OTTAWA, Jan. 23, 2013 /CNW/ - The Bank of Canada today announced that it
is maintaining its target for the overnight rate at 1 per cent. The
Bank Rate is correspondingly 1 1/4 per cent and the deposit rate is 3/4
The global economic outlook is slightly weaker than the Bank had
projected in its October Monetary Policy Report (MPR). At the same time, global tail risks have diminished. The
economic expansion in the United States is continuing at a gradual
pace, restrained by ongoing public and private deleveraging, global
weakness and uncertainty related to fiscal negotiations. Despite a
marked improvement in peripheral sovereign debt markets, Europe remains
in recession, with a somewhat more protracted downturn now expected
than in October. Growth in China is improving, though economic activity
has slowed further in some other major emerging economies. Supported by
central bank actions and by positive policy developments in Europe,
global financial conditions are more stimulative. Commodity prices
have remained at historically elevated levels, though temporary
disruptions and persistent transportation bottlenecks have led to a
record discount on Canadian heavy crude.
In Canada, the slowdown in the second half of 2012 was more pronounced
than the Bank had anticipated, owing to weaker business investment and
exports. Caution about high debt levels has begun to restrain household
spending. The Bank expects economic growth to pick up through 2013.
Business investment and exports are projected to rebound as foreign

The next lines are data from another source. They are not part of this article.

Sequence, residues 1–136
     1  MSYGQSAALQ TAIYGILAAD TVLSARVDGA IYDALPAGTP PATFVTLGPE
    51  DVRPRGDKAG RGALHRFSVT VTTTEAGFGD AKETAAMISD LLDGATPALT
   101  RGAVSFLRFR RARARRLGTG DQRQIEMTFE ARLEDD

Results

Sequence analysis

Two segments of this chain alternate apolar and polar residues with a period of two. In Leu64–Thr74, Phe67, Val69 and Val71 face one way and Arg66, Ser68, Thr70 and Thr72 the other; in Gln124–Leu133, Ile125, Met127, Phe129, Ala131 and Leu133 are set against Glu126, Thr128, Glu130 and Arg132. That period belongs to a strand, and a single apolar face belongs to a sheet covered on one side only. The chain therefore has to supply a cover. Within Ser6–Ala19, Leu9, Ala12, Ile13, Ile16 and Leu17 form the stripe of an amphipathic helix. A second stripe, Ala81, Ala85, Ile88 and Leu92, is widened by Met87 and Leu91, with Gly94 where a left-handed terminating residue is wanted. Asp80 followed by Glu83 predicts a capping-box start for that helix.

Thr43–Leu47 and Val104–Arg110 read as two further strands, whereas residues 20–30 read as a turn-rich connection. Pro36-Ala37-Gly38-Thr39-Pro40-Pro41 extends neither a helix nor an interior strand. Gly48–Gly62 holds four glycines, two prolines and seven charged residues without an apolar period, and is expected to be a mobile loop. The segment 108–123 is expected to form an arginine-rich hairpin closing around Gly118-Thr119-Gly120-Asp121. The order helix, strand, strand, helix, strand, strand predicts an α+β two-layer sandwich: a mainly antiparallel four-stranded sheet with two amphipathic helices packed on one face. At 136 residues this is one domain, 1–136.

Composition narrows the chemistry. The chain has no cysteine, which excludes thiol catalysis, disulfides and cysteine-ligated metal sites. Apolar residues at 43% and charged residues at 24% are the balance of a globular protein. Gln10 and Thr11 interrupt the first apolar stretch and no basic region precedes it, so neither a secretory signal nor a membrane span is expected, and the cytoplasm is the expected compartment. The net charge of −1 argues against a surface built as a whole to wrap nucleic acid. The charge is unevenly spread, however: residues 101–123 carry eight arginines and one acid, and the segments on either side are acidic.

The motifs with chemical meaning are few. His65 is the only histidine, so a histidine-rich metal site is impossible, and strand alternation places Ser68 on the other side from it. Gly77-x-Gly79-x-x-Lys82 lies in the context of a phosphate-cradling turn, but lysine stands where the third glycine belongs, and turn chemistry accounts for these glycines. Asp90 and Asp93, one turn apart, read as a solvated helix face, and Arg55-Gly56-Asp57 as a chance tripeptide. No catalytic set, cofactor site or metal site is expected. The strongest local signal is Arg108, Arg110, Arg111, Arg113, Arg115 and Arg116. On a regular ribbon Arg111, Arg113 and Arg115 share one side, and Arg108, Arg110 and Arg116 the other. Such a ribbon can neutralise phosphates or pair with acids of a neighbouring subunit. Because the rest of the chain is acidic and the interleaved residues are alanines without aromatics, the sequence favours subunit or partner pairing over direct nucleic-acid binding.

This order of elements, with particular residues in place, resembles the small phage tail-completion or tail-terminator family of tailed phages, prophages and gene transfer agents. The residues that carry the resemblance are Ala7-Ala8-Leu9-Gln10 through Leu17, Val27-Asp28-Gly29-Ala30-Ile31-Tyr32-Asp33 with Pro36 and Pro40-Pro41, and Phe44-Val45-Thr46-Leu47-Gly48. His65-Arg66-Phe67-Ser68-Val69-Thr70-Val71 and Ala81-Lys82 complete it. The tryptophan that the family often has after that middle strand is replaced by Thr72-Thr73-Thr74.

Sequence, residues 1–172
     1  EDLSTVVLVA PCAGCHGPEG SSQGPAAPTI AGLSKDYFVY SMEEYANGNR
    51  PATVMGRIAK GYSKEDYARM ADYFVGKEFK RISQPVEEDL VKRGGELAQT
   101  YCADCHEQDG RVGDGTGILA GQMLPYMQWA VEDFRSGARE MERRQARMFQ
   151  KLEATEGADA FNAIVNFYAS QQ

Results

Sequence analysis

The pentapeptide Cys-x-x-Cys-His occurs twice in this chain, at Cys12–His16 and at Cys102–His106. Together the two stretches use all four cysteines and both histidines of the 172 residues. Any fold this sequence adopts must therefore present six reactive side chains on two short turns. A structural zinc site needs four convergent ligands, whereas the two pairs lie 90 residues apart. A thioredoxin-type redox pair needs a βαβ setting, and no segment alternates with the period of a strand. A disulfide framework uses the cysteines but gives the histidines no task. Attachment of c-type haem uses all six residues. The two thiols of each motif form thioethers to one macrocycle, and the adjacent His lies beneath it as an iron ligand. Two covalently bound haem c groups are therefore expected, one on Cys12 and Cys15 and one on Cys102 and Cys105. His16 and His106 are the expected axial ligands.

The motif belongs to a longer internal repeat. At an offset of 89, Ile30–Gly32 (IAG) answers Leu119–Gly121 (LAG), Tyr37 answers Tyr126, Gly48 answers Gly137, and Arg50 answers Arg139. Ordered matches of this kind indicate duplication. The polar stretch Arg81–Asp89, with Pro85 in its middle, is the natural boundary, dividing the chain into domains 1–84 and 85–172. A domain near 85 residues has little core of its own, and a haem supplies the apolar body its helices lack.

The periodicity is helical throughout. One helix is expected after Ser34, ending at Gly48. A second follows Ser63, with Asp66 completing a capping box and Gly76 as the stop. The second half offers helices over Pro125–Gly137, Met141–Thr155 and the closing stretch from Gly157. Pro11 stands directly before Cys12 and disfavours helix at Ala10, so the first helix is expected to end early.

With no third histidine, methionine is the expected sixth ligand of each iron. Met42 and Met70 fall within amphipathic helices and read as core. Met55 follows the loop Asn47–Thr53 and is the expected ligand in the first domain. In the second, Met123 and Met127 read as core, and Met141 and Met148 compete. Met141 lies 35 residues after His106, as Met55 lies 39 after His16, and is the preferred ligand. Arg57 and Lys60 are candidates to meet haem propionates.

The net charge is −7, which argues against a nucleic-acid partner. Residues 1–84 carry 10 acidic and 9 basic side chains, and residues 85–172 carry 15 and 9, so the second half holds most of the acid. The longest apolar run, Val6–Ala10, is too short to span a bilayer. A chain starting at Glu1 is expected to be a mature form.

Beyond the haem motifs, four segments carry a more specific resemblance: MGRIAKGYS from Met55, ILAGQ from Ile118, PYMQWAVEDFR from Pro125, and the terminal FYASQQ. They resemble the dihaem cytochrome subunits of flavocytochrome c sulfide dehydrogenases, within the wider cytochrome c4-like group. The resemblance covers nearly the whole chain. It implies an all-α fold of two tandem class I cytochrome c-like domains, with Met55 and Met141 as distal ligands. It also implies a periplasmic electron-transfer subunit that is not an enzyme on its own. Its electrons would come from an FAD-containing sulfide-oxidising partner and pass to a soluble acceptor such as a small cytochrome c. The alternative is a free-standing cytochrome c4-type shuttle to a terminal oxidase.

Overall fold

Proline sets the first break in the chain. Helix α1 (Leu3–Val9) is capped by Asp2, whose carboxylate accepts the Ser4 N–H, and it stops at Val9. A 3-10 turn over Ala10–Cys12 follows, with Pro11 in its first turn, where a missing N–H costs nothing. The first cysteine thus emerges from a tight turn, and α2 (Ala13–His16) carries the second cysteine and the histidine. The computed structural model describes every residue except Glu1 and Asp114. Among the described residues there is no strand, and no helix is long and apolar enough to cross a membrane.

demand strengthens, uncertainty diminishes and the temporary factors
that have weighed on resource sector activity are unwound. Nonetheless,
exports should remain below their pre-recession peak until the second
half of 2014 owing to a lower track for foreign demand and ongoing
competitiveness challenges, including the persistent strength of the
Canadian dollar. Consumption is expected to grow moderately and
residential investment to decline further from historically high
levels. The Bank expects trend growth in household credit to moderate
further, with the debt-to-income ratio stabilizing near current levels.
Relative to the October MPR, Canadian economic activity is expected to
be more restrained. Following an estimated 1.9 per cent in 2012, the
economy is expected to grow by 2.0 per cent in 2013 and 2.7 per cent in
2014. The Bank now expects the economy to reach full capacity in the
second half of 2014, later than anticipated in the October MPR.
Core inflation has softened by more than the Bank had expected, with
more muted price pressures across a wide range of goods and services,
consistent with the unexpected increase in excess capacity. Total CPI
inflation has also been lower than anticipated, reflecting developments
in core inflation and weaker-than-projected gasoline prices. Total CPI
inflation is expected to remain around 1 per cent in the near term
before rising gradually, along with core inflation, to the 2 per cent
target in the second half of 2014 as the economy returns to full
capacity and inflation expectations remain well-anchored.
Reflecting all of these factors, the Bank has decided to maintain the
target for the overnight rate at 1 per cent. While some modest
withdrawal of monetary policy stimulus will likely be required over
time, consistent with achieving the 2 per cent inflation target, the
more muted inflation outlook and the beginnings of a more constructive
evolution of imbalances in the household sector suggest that the timing
of any such withdrawal is less imminent than previously anticipated.
The next scheduled date for announcing the overnight rate target is 6
March 2013. The next full update of the Bank's outlook for the economy
and inflation, including risks to the projection, will be published in
the MPR on 17 April 2013.
SOURCE: Bank of Canada
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